Bo has been on Equi-bone for 2 months now. He seems to be walking easier, it could be that the tendon is healing more than the bone though. Considering the advanced condition of Bo’s disease I’m not expecting Equi-bone to work quickly, though I have seen some testimonials that claim improvement in a couple of months. I am planning to continue giving him this supplement for at least 6 months before I make any statement about its effectiveness here on the blog. Chances are that whatever I do with Bo he will only be able to walk around the arena, but for all the joy he has given me I owe it to him to keep him safe and comfortable for as long as possible.
Meanwhile I have updated the Treatments page with information about Equi-bone.
…You must have his cooperation. One of the reasons injured horses are put down is because they often don’t cooperate in their rehabilitation. Horses are made to move, they don’t understand the concept of taking it slow and a gradual return to work. Case in point: Bo. He is not a very high-strung horse but he is spirited. As I’m trying to walk him he often decides he wants to trot or rear or crow-hop. During his rehabilitation I’ve had him on two different calming supplements, one with Valerian and other calming herbs and second supplement with L-Tryptophan. I suppose it could have been worse if I hadn’t put him on those but it didn’t make a lot of difference. You’re lucky if you have a lazy horse you are rehabilitating.
I put Bo on Equi-Bone, which I am writing an article about now, but I’m not sure if it will make much difference in his case. Today it looks as though he hurt his tendon again, it was more swollen than usual. There’s a new mare in town today and she’s caused quite a stir in the barn so I’m sure he did some showing off for her when she arrived. The point of this post is that horses can be their own worst enemies when they are injured. Obviously I don’t have a good solution to this problem or Bo wouldn’t be re-injuring himself so often. So I’m just putting out the warning for others in our situation, and I’m suggesting that you might want to investigate Equi-Bone and give it a try if you can afford it no matter what happens with Bo.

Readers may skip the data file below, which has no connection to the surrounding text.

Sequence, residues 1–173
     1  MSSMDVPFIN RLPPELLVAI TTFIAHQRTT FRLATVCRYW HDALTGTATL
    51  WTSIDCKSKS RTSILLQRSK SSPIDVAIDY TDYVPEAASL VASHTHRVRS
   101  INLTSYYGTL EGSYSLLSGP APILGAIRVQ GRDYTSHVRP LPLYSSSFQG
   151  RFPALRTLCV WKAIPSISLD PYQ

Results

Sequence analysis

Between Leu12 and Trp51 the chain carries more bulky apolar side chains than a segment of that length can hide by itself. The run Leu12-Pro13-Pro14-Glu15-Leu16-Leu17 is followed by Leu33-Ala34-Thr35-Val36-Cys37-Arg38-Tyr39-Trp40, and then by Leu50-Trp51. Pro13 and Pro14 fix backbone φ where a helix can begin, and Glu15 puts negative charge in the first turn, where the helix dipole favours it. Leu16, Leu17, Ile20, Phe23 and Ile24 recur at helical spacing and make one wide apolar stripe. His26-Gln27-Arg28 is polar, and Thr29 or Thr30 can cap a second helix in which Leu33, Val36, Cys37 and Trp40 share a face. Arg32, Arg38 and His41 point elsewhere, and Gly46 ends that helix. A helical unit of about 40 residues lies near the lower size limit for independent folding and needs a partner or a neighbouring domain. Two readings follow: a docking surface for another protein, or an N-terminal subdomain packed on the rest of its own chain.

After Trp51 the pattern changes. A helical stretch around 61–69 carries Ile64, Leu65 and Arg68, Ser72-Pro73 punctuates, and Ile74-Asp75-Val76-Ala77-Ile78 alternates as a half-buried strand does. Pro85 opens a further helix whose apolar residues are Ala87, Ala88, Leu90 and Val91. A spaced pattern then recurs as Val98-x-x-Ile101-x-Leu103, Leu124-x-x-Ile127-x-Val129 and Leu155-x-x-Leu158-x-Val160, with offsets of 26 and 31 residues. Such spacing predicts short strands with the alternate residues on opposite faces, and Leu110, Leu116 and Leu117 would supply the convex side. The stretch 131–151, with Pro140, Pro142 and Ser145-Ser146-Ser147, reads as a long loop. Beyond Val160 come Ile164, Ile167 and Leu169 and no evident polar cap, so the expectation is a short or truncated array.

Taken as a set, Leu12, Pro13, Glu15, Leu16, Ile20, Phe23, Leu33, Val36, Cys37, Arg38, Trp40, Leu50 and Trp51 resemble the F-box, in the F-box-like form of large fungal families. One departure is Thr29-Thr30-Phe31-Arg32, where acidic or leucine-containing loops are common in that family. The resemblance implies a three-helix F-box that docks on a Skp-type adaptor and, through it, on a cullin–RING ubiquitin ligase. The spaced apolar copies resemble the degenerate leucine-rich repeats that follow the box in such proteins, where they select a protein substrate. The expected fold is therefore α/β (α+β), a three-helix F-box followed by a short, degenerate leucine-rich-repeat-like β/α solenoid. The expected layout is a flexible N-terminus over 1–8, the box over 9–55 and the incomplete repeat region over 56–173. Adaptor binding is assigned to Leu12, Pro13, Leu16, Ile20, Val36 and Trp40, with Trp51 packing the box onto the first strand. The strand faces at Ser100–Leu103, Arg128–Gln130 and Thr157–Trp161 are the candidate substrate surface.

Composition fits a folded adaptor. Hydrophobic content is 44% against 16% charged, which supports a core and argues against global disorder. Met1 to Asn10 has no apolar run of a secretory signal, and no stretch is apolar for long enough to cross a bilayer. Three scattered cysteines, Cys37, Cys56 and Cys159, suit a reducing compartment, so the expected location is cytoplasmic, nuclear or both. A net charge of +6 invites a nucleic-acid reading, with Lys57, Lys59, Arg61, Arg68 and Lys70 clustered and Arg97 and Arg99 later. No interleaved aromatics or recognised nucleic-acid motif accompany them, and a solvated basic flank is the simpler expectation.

This site began as a response to my own horse developing navicular disease. It’s in my nature to research things I don’t understand so I went to work on this issue. I looked on veterinary websites, veterinary journals, dissertations, farrier sites, horse magazines, everywhere. So I thought it would be a good idea to consolidate all that in one place…here.
I’m going to continue doing research and reporting on it at least until there are better solutions to this disease that ends the career of so many horses.
For background on me and my story read the Welcome message and Bo’s Story.
Please share your story on the site as well. And keep checking back, I have more information I’ll be adding to the site regularly.
…But I can’t give up on this horse. I just heard about a supplement that helps rebuild bone, with good reviews from people with navicular horses, and its darn expensive. So what did I do? I ordered some of course. I can’t give up trying to help Bo. Even though his tendon is seriously damaged with 2 core lesions, I have to see if this is something that will help the navicular bone heal back to normal. Realistically, Bo’s disease is in an advanced stage so my trial may be a waste of money, but I feel the responsibility to try things and report the results here on the blog. I’ll be preparing an article on the supplement coming up soon. Stay tuned…